A councell at Hereford.
The prince of Wales made lord warden of the realme.
A new chancellor and treasuror.

But now touching the king, whilest he was thus abroad, and no man wist where he was become, proclamations were made in the quéenes armie dailie, in the which he was summoned to returne, and to take the rule of the relme into his hands, if he would be conformable to the minds of his true liege men; but when he appeared not, the lords of the land assembled in councell at Hereford, whither the quéene was come from Bristow, and there was the lord Edward prince of Wales and duke of Aquitaine made warden of England, by common decrée, vnto whome all men, as to the lord warden of the realme, made fealtie, in receiuing an oth of allegiance to be faithfull and loiall to him. After this, they made the bishop of Norwich lord chancellor, and the bishop of Winchester lord treasuror.

The quéene remained about a moneths space at Hereford, and in the meane while sent the lord Henrie erle of Leicester, and the lord William la Zouch, and one Rice ap Howell, that was latelie deliuered out of the tower where he was prisoner, into Wales, to sée if they might find means to apprehend the king by helpe of their acquaintance in those parts, all thrée of them hauing lands thereabouts, where it was knowne the king for the more part kept. They vsed such diligence in that charge, that finallie with large gifts bestowed on the Welshmen, they came to vnderstand where the king was, and so on the day of saint Edmund the archbishop, being the sixtéenth of Nouember, they tooke him in the monasterie of Neith, néere to the castell of Laturssan, togither with Hugh Spenser the sonne called earle of Glocester, the lord chancellour Robert de Baldocke, and Simon de Reading the kings marshall, not caring for other the kings seruants, whome they suffered to escape.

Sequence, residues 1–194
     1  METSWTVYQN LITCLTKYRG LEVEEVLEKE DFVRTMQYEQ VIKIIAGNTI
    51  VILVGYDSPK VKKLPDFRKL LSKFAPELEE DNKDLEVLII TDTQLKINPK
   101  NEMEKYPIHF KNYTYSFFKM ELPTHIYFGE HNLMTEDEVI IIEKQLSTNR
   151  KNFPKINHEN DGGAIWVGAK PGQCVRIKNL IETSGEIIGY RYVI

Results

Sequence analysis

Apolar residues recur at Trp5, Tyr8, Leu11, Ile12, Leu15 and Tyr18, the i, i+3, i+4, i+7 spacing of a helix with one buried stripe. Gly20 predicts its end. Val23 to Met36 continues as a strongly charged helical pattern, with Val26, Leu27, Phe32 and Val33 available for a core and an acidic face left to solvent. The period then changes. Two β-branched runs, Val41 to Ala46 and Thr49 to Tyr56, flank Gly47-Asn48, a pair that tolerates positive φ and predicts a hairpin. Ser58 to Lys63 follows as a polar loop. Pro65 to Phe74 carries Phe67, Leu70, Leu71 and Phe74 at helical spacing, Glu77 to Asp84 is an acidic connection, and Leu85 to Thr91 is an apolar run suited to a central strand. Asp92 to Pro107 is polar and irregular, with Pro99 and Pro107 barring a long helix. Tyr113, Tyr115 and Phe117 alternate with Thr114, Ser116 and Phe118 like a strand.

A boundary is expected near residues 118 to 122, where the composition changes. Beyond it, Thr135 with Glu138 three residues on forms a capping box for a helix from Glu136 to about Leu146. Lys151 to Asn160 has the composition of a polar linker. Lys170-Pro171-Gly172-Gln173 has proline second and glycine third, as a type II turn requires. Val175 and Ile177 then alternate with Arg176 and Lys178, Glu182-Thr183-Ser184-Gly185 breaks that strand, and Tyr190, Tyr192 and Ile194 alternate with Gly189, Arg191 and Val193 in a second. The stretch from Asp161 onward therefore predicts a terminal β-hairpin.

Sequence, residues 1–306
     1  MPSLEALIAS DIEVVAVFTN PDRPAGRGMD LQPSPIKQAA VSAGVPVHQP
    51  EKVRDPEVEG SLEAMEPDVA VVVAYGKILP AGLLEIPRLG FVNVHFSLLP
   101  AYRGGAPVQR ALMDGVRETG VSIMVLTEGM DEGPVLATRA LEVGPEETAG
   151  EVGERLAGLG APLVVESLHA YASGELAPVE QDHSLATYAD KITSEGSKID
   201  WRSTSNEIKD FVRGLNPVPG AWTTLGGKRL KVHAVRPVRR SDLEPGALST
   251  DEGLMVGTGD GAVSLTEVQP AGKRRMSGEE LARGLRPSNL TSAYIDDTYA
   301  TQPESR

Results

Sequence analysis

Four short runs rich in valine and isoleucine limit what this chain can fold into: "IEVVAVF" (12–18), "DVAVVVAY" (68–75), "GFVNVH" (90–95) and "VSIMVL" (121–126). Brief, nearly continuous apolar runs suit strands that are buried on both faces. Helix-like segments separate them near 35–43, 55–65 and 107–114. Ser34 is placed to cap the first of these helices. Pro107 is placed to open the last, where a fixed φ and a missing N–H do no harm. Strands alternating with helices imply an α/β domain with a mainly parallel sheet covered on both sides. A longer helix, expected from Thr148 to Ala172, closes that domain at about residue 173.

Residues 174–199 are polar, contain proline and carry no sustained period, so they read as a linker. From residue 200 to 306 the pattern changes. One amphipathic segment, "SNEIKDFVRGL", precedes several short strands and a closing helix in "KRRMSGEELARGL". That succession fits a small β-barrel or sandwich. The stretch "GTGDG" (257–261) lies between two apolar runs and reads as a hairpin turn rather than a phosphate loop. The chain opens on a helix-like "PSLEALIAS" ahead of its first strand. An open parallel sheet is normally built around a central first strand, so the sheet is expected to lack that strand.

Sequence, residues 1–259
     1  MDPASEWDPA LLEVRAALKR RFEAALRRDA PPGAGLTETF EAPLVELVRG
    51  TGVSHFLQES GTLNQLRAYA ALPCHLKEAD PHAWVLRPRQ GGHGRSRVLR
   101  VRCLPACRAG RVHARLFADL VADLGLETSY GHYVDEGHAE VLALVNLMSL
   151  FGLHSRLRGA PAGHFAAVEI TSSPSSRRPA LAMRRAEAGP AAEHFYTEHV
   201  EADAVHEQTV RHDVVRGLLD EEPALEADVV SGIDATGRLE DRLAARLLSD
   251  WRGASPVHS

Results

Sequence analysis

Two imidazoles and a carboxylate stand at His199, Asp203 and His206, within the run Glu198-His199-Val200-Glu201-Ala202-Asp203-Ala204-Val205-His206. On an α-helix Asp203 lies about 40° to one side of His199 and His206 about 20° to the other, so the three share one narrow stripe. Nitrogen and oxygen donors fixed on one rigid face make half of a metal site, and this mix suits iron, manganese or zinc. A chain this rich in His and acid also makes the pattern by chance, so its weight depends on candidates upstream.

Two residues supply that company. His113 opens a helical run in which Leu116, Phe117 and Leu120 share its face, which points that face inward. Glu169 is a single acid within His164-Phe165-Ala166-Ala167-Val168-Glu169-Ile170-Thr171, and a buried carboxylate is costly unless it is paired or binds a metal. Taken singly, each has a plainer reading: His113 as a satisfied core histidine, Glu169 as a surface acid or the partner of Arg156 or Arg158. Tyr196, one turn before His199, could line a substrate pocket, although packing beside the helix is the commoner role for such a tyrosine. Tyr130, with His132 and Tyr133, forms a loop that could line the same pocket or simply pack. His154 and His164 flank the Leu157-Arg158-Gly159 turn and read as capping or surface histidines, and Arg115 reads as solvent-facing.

The king is brought to Killingworth.
Hugh Spenser the yonger executed.

The king was deliuered to the earle of Leicester, who conueied him by Monmouth and Leadburie, to Killingworth castle, where he remained the whole winter. The earle of Glocester, the lord chancellor, and Simon de Reading, were brought to Hereford, and there presented to the quéene, where on the foure & twentith of Nouember, the said earle was drawne and hanged on a paire of gallowes of fiftie foot in height. Then was his head striken off, his bowels taken out of his bodie and burnt, and his bodie diuided in quarters. His head was sent to London, and set vpon the bridge with other, & his quarters were sent to foure seuerall parts of the realme, and there pight vpon poles, to be séene of the people. He was drawne in his owne cote armour, about the which there were letters embrodered plaine to be read, conteining a parcell of the 52 psalme, as followeth.

[Pg 584]

Simon de Reading executed.
The earle of Arundell taken.
Th. Walsing.
The fauour in which the lord Mortimer was with the quéene.

On the same daie was Simon de Reading drawne and hanged on the same gallowes, but ten foot lower than the other. This Reading being marshall of the kings house, had vsed the quéene very vncourteouslie, giuing hir manie reprochfull words, which now were remembred, and therefore may serue for an example, how dangerous a thing it is to speake euill of the higher powers. The common fame went, that after this Hugh Spenser the sonne was taken, he would receiue no sustenance, wherefore he was the sooner put to death, or else had he béene conueied to London, there to haue suffered. Iohn earle of Arundell was taken on S. Hughs day, in the parts about Shrewesburie, and the same day seuennight before the execution of the earle of Glocester, Hugh Spenser the yoonger, as well the said earle, who had béene euer a great fréend to both the Spensers, as also Iohn Daniell, and Thomas de Milcheldoure were put to death at Hereford, by procurement of the lord Mortimer of Wigmore, that hated them extreamelie, by reason whereof they were not like to spéed much better, for what he willed the same was doone, and without him the quéene in all these matters did nothing.